How does Lyrical Ballads represent a summary of the Romantic Age?

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Ashley Kannan | Middle School Teacher | (Level 3) Distinguished Educator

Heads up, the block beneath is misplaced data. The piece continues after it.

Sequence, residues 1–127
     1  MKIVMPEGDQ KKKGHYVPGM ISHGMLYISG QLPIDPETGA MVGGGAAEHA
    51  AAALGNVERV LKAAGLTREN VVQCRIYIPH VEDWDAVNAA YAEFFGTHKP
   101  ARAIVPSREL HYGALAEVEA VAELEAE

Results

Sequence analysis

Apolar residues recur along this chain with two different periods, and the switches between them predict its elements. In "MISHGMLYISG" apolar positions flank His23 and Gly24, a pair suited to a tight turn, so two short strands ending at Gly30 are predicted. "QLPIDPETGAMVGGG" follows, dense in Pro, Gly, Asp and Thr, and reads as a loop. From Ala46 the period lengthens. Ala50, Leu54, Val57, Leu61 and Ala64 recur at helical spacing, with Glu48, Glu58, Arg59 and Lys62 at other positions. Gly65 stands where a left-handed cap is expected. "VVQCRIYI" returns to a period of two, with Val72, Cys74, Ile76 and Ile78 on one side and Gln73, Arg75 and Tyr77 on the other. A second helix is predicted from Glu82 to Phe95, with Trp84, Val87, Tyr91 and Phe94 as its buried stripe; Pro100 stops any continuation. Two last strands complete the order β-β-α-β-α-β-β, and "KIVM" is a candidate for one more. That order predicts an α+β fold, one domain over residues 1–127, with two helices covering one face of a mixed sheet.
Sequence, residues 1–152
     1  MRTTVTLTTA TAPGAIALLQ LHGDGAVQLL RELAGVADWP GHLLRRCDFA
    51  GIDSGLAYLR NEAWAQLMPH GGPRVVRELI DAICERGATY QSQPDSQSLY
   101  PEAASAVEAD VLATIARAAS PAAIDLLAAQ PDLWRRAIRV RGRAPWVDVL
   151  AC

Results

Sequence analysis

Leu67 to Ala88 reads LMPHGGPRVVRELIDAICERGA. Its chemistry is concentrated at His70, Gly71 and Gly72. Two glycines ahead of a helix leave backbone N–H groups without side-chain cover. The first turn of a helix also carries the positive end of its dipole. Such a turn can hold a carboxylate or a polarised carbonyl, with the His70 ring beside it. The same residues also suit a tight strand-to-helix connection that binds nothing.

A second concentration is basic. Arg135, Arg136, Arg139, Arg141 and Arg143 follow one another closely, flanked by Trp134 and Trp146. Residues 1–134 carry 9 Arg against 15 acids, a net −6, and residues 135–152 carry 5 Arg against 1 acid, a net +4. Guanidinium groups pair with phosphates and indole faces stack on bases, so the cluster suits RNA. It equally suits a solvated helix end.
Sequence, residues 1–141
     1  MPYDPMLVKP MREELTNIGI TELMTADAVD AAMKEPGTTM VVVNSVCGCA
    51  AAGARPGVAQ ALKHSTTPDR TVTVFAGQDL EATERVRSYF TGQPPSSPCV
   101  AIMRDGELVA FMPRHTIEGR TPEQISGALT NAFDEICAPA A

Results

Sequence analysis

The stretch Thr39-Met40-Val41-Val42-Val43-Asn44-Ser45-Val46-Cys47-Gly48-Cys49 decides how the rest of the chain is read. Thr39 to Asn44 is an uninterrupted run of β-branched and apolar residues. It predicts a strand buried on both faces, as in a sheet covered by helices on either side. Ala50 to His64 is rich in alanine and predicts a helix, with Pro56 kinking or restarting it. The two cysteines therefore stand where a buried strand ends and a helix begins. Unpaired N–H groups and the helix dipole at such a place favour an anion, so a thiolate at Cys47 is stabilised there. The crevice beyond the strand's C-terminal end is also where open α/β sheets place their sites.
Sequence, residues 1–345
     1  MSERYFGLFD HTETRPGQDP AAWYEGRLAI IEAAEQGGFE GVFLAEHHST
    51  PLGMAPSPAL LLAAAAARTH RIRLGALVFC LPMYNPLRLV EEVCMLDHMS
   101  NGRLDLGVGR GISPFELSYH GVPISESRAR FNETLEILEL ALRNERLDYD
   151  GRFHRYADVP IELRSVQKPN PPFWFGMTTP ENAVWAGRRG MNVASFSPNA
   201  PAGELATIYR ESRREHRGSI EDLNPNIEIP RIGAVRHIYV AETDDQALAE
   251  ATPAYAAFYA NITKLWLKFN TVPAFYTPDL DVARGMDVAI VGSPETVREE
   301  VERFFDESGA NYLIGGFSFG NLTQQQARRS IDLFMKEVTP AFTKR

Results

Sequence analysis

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I think that one could argue that the opening shots of Romanticism against the Neoclassical Age are present in Lyrical Ballads. Part of this would lie in the preface, which essentially states the purpose of the Romantic movement.  The Preface argues the tenets of Romanticism, defining in stark oppositional terms to its predecessor.  Poetry as an emotional movement, written about the basic elements of society, and one that seeks to broaden the subjective experience into the universal one are critical elements to both the movement and how Romantic thinkers would come to see their work.  The Romantic Era's ideas did not deviate that much from what was featured in both the work and the Preface to it.  This helps to bring to light how important the collaboration between Wordsworth and Coleridge was in ensuring that individuals understand the movement's aims and remain true to them.  In this light, I think that a summary of Romanticism can be contained in the work.  While other thinkers like Byron, Shelley, or Keats might have taken Romanticism into their own directions, much of their work can be seen in Lyrical Ballads in terms of poetic theme, devices used, and overall timbre.

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